Parkchester resident Jacki Blount grew up wanting to be a mortician, but never in her wildest dreams imagined being in the food service.
Yet, for the past 22 years Blount has worked at Baldor Specialty Foods in Hunts Point.
Blount, 50, was raised between Harlem and the Bronx and recalled that life as a child was not easy. Both areas were filled with violence and drugs, but she stayed focused and never got involved with those things.
At 19 she moved to the Boogie Down and never left.
“I love Parkchester and I love the Bronx,” she said. “I couldn’t see myself living anywhere else.”
Blount went to high school in Manhattan, but dropped out. Sitting at home wasn’t an option, so she got a job as a cashier a supermarket. But she soon realized this was not the path she wanted and got her G.E.D.
She eventually landed a better paying position at Jetro, where she stayed for six years. During that time Blount met a woman who worked on Wall Street who asked her if she was interested in a career change.
Blount took her up on the offer and took a job in Manhattan. She made copies and put packets together, but wasn’t happy.
“The dressing up every day wasn’t me — I’m a more casual person,” Blount explained. “I thought I was much more than that.”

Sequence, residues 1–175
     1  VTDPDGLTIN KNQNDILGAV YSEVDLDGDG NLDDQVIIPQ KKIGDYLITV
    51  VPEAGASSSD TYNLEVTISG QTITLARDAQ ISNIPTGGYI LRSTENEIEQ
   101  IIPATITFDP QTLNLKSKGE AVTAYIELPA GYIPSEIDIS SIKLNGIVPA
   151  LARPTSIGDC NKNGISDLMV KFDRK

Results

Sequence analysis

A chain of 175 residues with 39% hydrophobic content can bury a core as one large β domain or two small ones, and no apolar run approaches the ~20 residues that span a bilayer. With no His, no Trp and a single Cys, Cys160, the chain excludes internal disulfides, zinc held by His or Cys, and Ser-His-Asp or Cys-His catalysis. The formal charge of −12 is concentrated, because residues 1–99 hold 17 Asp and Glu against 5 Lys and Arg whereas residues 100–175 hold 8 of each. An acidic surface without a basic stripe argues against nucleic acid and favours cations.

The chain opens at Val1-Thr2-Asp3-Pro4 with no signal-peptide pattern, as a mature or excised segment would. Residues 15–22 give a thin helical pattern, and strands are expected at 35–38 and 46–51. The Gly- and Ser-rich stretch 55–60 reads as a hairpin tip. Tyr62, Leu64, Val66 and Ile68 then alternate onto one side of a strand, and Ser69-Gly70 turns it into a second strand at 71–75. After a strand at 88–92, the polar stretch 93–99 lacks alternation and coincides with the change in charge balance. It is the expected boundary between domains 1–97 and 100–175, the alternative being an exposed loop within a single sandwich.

After six months she called it quits and returned to the food service. She worked at Gourmet Garage supermarket for three years before joining Baldor in 1999.
Blount told the Bronx Times she had always wanted to work at Baldor, but never had the opportunity. But fate was on her side as it turned out that Sales Executive Elizabeth Dickens was a neighbor hers.
After they got to chatting and realized they both were in the food industry, Dickens got her an application and the rest is history. At that time Baldor was in Queens and Blount took two trains and three buses to get there.
She began as a sales assistant and fell in love with the job. Later Blount was in charge of buying products and today is the senior inside sales supervisor.
“I love sales,” she stressed. “I love talking to my customers.”
For more than two decades Baldor has been her second home. Yet, when COVID-19 arrived a year ago, it lost 80 % of its business, Blount said.
According to Blount, 2020 was not easy for anyone at Baldor. While it took a while to adjust to the life during the pandemic, she and her colleagues persevered.
“For the first time we had to work from home,” she recalled.
Blount, who sometimes misses not becoming a mortician, said her biggest regret is not going to college. With two sons, Dayvon, 31and Dondre., 28, she describes herself as a homebody and a basketball fan.
She credits her late parents, Otelia and William for her work ethic and success.
“I love this industry and love Baldor,” she said.